Annie Murphy and Christina Applegate Watch Below Deck Every Day

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Annie Murphy has had enough of the bullshit. The 34-year-old Canadian star of Schitt’s Creek, the Emmy Award–winning comedy about an out-of-touch wealthy family fallen on hard times, brought soul to Alexis Rose, a character that could have otherwise been easy to hate. After the six-season series bid a tearful goodbye to audiences last April, Murphy set her sights on transforming yet another comedic trope with moxie: the Sitcom Wife. The role has long been a source of ire for the funny women of television, relegated to popping in and out of the living room with Hot Pockets as men steal scenes, or staying to serve merely as the punchline. But in Murphy’s latest show, AMC’s Kevin Can F**k Himself, the wife takes center stage as the camera pivots from a traditional multi-camera sitcom—like Kevin Can Wait, whose title the show not-so-subtly winks at—to a single-camera drama that delves into the psyche of a sidelined woman. It’s revisionist meta-television at its finest, an addictive exploration of the medium’s most well-worn trope—one well-known to Christina Applegate, who spent her childhood on the set of Married… With Children, a classic sitcom that premiered in 1987 and aired for ten years. Below, the Dead to Me actor caught up with Murphy, who has been shooting season two of Russian Doll in New York, to discuss the magic of Schitt’s Creek, all those Emmys, and why it’s about time Kevin got what’s coming to him. – SARAH NECHAMKIN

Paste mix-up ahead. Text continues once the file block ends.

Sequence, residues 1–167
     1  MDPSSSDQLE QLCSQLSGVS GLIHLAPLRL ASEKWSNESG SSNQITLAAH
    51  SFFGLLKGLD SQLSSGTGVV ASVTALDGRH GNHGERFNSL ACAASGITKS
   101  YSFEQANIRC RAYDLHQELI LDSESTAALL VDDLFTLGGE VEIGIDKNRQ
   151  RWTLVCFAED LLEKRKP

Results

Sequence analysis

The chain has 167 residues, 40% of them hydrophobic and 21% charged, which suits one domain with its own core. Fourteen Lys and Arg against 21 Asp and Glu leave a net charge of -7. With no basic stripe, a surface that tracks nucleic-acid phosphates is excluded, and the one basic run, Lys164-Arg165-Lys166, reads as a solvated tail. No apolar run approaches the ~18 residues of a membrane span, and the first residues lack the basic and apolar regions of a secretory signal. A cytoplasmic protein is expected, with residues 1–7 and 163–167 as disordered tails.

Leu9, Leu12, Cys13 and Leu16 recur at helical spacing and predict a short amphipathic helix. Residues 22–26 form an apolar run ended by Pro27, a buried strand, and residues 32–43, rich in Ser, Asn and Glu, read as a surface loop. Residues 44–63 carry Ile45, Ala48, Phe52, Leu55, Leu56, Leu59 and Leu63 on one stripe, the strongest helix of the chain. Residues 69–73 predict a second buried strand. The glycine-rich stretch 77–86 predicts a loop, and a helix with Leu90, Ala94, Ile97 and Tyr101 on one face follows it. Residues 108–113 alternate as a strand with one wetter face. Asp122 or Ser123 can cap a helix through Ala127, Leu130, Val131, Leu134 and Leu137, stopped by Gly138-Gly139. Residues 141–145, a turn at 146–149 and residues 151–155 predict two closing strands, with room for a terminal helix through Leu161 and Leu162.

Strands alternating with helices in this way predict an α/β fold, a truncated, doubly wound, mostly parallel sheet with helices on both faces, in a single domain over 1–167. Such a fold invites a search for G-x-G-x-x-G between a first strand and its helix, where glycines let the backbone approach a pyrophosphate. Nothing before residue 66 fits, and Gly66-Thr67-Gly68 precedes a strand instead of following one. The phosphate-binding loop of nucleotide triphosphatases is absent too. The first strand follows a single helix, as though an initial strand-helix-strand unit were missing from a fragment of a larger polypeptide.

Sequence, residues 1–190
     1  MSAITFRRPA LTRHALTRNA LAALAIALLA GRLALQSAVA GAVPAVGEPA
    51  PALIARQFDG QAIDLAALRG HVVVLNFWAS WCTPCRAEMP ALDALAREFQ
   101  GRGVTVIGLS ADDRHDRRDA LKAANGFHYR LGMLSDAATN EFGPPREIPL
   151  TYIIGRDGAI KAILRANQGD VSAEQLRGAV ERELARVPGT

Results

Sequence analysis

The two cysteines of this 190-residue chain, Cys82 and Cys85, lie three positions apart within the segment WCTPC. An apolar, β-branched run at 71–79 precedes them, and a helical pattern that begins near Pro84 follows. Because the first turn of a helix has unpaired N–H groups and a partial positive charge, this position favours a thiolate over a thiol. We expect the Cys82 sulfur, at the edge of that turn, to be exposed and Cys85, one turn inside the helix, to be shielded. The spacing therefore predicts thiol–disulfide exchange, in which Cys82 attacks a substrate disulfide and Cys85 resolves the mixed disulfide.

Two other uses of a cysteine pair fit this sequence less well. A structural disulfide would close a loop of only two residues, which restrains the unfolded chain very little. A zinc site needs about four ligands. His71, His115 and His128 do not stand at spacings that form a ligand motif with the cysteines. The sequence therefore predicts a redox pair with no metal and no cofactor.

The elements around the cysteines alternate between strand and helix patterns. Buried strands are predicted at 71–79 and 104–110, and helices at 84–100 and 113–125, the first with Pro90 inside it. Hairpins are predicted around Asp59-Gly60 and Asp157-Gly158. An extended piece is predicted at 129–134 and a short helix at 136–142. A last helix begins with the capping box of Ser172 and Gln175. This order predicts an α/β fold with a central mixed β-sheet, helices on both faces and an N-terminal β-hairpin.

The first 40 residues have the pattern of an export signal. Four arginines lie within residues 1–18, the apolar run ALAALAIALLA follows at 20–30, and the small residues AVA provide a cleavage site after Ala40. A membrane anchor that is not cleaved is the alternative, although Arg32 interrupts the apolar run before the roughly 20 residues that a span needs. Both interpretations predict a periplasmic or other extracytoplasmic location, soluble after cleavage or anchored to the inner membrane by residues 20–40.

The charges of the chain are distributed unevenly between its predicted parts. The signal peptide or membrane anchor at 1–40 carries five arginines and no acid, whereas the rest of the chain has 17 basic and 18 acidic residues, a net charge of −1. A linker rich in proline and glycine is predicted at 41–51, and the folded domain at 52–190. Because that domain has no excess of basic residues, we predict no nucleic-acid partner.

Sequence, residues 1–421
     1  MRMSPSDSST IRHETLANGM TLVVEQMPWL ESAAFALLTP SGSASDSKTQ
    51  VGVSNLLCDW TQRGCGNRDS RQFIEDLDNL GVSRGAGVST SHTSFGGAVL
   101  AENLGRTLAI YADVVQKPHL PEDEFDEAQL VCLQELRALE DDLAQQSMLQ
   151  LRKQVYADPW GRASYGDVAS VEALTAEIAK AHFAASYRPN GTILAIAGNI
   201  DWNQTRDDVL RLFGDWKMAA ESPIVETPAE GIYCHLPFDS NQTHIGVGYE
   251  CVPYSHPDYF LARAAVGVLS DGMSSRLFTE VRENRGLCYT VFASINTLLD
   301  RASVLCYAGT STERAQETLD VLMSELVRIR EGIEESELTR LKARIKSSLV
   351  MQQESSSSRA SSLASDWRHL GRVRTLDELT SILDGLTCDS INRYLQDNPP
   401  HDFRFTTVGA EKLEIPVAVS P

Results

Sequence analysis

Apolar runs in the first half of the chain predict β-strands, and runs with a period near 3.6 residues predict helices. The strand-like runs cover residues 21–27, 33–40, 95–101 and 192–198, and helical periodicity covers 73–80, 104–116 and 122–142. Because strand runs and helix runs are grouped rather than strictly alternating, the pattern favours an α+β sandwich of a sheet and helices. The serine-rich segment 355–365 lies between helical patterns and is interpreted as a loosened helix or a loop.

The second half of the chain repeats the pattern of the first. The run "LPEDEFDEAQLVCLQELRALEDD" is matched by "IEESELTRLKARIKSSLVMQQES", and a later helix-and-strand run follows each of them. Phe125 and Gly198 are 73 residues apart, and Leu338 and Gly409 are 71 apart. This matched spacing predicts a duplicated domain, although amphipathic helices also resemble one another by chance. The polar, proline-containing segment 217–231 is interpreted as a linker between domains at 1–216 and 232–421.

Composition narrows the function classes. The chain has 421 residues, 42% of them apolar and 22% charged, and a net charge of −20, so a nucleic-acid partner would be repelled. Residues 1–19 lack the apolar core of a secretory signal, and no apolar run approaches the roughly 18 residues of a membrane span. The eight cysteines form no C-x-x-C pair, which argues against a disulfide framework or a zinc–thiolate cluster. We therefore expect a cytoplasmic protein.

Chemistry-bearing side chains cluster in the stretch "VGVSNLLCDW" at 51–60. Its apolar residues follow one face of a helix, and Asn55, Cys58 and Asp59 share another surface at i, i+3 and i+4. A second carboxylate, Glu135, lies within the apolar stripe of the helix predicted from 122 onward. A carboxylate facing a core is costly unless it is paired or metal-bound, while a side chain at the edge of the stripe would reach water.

CHRISTINA APPLEGATE: This is your interviewer, Christina Applegate.

ANNIE MURPHY: I just have to tell you before we get started what a huge fucking honor it is that you’re doing this.

APPLEGATE: I am a terrible interviewer. This is going to be the worst interview of your career.

MURPHY: I’m going to buckle up.

APPLEGATE: My first question for you, before we get into all your career-y stuff: What was the moment when you went, “This is what I want to do”?